Simba Great Plains has come through a period of enormous change. A takeover by Great Plains of the US has brought massive investment and access to a worldwide distribution system.
Chris Lyddon asked David Holmes, UK Sales Director of Simba Great Plains, how he sees the future of agricultural machinery and Simba’s part in it.
Simba , based at Sleaford in Lincolnshire, has always been associated primarily with seeding and cultivation and, up until the late 1990s, concentrated on both the UK and Export markets. The new millennium brought a new emphasis on designing machines for continued growth in export markets.
“In the last 18 months or so we’ve had a major upheaval within our company itself with the acquisition by Great Plains,” he said. “What that’s given us is a strong base to work from, a strong parent company behind us. The change was from Simba to Simba Great Plains and we are 100% owned by Great Plains who are based in Kansas.”
“It’s given us a major investment here at Sleaford, not only in refurbishments to existing facilities with new showroom and conference centre, but also in a new 34,000 square-foot factory,” he said. “We are returning to full line manufacturing back in Sleaford. Previously all our assemblies were externally sourced, 70 to 80% of them in the UK, and then they were shot blasted and assembled at Sleaford.”
“It has also given us investment in new products from the Simba brand,” he said. “We have launched another five products here this year.” He stressed the importance of satisfying farmer demand for new products. “We move forward by having new product,” he said. “If you don’t have new products that is when you become static and that’s when you find you have difficulties.”
“We have always been an innovative company, always looking at strengthening our R&D department. We have increased our design engineering department as well as other areas. The agricultural market sector, particularly in the UK and Western Europe, are looking all the time for further technology.”
Great Plains ownership also provides access to machines from the Great Plains product portfolio. ““Primarily for the UK we see that as being around primary and secondary cultivation and particularly their range of drills and planters,” he said.
“It has increased our product portfolio,” he said. “And also enabled us to expand our European and worldwide markets, with a stronger presence in conjunction with the Great Plains existing distribution network.”
“We have also been involved in the joint launch of the new Centurion European cultivator drill,” he said. “That is one of the largest investments that we have ever made as a company. It’s a major joint development between Simba and Great Plains engineering departments.”
“In the market sector that we are involved with, which is mainly cultivation, seeding and planting, farmers themselves are focusing heavily on rising cost of inputs,” he said. “With commodity prices holding at the moment the market is reasonably buoyant but there is a focus towards becoming more efficient particularly with the cost of establishment and increasing yields”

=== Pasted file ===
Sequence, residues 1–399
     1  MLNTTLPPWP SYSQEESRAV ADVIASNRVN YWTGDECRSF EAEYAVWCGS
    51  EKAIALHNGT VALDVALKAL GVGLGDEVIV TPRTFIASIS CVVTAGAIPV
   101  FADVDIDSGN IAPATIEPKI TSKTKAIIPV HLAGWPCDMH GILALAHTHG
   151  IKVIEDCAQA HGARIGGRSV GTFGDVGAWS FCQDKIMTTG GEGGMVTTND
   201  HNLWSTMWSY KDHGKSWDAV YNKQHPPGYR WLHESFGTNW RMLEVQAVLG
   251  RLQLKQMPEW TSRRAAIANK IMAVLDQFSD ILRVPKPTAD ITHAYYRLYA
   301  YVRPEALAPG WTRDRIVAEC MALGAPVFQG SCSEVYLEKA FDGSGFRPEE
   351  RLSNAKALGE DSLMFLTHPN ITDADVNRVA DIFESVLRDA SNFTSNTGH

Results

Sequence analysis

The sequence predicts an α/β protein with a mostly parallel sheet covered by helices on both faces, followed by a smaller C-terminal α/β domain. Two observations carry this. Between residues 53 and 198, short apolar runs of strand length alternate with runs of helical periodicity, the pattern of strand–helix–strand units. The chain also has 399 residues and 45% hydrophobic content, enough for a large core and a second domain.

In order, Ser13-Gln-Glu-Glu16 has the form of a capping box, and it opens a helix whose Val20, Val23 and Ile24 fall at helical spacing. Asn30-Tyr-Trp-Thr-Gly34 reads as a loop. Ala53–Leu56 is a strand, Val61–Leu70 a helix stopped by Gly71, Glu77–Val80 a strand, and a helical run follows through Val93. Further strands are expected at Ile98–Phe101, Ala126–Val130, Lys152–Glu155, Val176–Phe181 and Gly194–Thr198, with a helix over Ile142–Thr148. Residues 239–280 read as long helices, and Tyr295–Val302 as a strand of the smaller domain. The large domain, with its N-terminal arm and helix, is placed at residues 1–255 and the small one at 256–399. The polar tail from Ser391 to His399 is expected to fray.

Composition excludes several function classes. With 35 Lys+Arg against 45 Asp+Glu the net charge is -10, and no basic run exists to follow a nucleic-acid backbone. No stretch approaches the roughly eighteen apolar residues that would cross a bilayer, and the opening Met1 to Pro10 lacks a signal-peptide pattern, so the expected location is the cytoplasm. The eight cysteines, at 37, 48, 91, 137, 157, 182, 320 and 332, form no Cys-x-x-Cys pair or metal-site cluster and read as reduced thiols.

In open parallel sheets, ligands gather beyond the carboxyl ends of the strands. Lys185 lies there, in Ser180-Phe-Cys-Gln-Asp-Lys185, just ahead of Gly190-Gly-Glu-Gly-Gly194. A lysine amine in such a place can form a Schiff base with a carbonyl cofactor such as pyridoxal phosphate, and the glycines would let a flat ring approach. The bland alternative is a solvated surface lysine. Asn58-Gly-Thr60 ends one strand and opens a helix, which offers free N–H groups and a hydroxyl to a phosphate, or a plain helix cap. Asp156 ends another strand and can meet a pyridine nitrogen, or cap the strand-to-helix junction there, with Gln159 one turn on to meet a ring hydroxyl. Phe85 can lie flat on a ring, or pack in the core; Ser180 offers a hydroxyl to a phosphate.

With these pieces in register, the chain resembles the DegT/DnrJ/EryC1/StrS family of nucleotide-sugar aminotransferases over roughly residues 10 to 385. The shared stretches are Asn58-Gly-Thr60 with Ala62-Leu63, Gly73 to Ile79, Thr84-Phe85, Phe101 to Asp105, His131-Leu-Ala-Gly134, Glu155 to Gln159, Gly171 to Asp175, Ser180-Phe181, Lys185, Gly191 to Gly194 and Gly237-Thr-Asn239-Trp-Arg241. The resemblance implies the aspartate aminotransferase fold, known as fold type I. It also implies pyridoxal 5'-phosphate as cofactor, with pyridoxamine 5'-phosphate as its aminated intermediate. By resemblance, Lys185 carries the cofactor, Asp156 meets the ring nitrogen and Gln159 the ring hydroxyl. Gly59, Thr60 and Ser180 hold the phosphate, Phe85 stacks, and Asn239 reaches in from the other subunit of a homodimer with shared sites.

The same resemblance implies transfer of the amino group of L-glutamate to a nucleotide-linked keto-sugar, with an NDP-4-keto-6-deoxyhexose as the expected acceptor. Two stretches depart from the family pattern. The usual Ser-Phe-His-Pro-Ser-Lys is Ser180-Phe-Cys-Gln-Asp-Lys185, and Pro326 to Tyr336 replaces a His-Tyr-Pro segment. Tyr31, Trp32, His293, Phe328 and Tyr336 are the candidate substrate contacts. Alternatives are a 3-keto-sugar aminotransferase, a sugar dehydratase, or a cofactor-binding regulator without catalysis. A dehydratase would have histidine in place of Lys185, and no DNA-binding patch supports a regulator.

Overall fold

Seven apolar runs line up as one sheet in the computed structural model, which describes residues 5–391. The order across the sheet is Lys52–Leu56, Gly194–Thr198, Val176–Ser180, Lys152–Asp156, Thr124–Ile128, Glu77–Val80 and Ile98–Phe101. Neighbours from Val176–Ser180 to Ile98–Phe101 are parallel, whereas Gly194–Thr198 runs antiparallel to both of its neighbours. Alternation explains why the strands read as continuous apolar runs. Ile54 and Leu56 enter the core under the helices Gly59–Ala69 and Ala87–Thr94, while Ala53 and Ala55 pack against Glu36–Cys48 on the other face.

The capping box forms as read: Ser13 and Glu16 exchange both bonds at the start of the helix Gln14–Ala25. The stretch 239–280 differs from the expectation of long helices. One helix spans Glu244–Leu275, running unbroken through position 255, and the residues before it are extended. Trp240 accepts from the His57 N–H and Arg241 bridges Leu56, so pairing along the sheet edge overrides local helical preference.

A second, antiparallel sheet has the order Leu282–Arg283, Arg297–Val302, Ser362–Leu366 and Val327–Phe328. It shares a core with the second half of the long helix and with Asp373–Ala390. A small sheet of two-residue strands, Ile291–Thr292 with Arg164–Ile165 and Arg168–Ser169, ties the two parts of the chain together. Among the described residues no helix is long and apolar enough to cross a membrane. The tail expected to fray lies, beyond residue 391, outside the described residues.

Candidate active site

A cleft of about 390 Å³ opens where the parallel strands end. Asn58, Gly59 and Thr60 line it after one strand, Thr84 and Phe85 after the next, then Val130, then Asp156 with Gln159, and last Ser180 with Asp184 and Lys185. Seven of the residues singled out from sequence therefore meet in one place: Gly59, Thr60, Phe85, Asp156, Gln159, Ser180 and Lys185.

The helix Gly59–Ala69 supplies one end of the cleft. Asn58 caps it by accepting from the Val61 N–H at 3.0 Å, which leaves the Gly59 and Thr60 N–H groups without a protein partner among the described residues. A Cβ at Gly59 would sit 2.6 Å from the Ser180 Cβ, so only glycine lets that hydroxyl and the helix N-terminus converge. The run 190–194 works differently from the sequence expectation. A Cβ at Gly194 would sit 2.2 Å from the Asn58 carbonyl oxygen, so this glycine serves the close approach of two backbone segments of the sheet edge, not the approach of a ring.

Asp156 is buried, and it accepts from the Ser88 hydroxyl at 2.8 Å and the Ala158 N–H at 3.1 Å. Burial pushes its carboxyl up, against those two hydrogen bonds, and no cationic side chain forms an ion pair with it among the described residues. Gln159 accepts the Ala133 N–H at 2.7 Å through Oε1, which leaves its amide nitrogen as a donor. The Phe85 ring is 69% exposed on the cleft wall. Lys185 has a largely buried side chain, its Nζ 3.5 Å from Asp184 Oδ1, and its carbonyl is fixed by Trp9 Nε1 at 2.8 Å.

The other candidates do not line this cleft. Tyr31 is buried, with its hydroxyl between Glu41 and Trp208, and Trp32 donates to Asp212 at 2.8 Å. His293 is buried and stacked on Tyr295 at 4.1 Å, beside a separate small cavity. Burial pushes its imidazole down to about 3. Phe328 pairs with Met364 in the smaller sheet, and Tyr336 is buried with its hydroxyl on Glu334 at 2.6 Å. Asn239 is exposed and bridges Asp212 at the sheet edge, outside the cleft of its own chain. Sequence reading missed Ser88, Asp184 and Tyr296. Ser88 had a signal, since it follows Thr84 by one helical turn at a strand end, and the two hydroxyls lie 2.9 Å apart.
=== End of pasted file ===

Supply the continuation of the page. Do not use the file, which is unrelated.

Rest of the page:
“35 to 40% of the cost of actually growing a crop is actually putting it in the ground,” he said. “Any savings they can make directly affects their margins and the end of the day profitability.”
“At the current time farmers are very focused on fuel,” he said. “It’s very high on their agenda when they are looking at new products.”
“Also timeliness and getting more done on time is very important from the economic side of things.”
“From the technical side, what farmers are coming to us and asking for information on is development and maintenance of soil structure,” he said. “As a farmer that is one of your biggest, if not the biggest, asset you’ve got.”
“They are looking for cultivation machinery to maintain and improve their soil structure and they are also looking for flexibility,” he said. “They don’t necessarily want to be tied down to one operating system.”
There was also concern about water retention. “It’s not only in Europe,” he said. “South America is one of many regions with concerns about availability of water.”
“Customers are also looking at erosion,” he said. “That comes down to the benefits of consolidation. How is it actually leaving the soil? Is it safe? Is it weatherproof? Is it giving good soil to seed contact?”
“We have always looked at the system rather than one particular product,” he said. “And that system has been based on improving establishment costs and improving efficiency. We are still seeing that continuing with many of our new products from the smaller end of the market at 3 m width which is still 60% of our products, right up to the higher end of the market at the 8 or 10 m cultivation systems behind the 500 or 600 hp tractors.”
“Great Plains are one of the world’s leaders in zero till seeding and we are seeing an increased level of inquiries for no till/zero till operations,” he said. “There are people that are already doing it. You have got to want it to work. It’s not something you are going to move into thinking it’s a quick fix to improve profits.”
“You’ve got to manage your soil structure, crop rotation and agronomy practices, when you move to no till operation” he said “There are many people, not only in the UK but particularly in Europe and other parts of the world who have been making this system work successfully and economically for many years.”
“As a business ourselves we have had a very good start 2012,” he said. “We have a very strong order book. We have increased capacity here at our Sleaford plant but also we have an extremely strong order book in the eight factories of Great Plains. The industry, as regards the arable sector, is very strong at the moment. We do see that as a direct association with commodity prices and customers looking to become more efficient with their operation”.